Facebook dark mode in testing, after it was promised earlier this year
Facebook dark mode has been one of the most frequent requests from app users, with the company promising it earlier this year, and it seems it is now in testing.
As with many unannounced tests in social media apps, it was discovered by computer science student Jane Manchun Wong digging into the code. It was Wong who recently spotted a ‘snooze’ feature in Twitter which allows users to temporarily silence notifications …
She shared her latest discovery on her blog. As is usual, she discovered the code in the Android version of the app, but it is in line to come to the iOS app too.
I came across this unreleased Dark Mode in Facebook’s mobile app for Android by looking into the code underneath, which indicates Facebook has recently started implementing the long-awaited Dark Mode into their mobile app.
This Dark Mode appears to be in an early stage of development, understandably. For now, only certain parts of the app has been reworked to support the Dark Mode. For example, dark text displaying on a dark background, vice versa.
Wong notes that there is no predictable timescale between developing an experimental feature like this and rolling it out to users.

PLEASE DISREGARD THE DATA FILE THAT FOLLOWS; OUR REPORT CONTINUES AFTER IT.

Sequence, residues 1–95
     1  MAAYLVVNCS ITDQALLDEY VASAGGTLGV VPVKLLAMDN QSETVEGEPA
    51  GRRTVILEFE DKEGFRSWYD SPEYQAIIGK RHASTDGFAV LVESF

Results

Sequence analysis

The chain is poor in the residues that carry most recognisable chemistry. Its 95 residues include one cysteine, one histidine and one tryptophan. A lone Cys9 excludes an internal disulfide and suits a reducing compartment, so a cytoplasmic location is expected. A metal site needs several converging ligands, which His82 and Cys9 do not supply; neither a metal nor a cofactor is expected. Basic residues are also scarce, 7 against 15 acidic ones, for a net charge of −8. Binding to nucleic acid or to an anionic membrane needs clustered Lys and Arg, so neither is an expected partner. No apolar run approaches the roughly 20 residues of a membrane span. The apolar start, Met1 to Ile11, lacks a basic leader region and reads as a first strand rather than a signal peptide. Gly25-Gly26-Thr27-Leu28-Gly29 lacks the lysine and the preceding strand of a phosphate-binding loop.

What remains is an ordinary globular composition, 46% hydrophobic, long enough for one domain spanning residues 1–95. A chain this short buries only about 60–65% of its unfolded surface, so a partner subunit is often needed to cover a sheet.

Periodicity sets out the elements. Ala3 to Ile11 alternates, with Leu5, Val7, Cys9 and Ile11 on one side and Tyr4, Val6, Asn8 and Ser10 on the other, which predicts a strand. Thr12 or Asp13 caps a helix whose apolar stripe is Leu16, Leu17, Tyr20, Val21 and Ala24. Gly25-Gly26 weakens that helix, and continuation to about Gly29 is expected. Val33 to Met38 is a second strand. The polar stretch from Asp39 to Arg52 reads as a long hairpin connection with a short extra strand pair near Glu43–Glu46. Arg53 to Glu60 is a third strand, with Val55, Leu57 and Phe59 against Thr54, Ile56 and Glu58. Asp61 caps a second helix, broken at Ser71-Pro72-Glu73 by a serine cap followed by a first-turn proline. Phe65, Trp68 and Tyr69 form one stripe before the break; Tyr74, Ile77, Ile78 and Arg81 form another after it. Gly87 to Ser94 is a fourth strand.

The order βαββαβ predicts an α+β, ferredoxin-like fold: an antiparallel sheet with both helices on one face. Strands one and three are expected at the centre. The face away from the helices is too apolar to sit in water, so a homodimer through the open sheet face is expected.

Facebook dark mode came first to the Messenger app in April after it was first noted as a hidden feature the previous month. In that app, it’s a toggle in your profile.
Tap your profile picture in the top left corner of Messenger. Dark Mode will be the first option underneath your name.
The company promised then that it would be extended to the web and iOS app, though without any timescale and noting that it would be rolled out first to videos.
Dark Mode is of course one of the headline features of iOS 13. We’ve seen a gallery of what it will look like with a range of Apple’s own apps, after we provided an exclusive sneak-peak ahead of the keynote. If you’re running the beta, check out our how-to guide on enabling the feature. It would seem logical for Facebook to switch on its own dark mode at the same time.
Wong’s previous discoveries include Instagram hiding the number of likes and offering Screen Time style functionality; a ‘hide tweet’ function in the Twitter app and much more.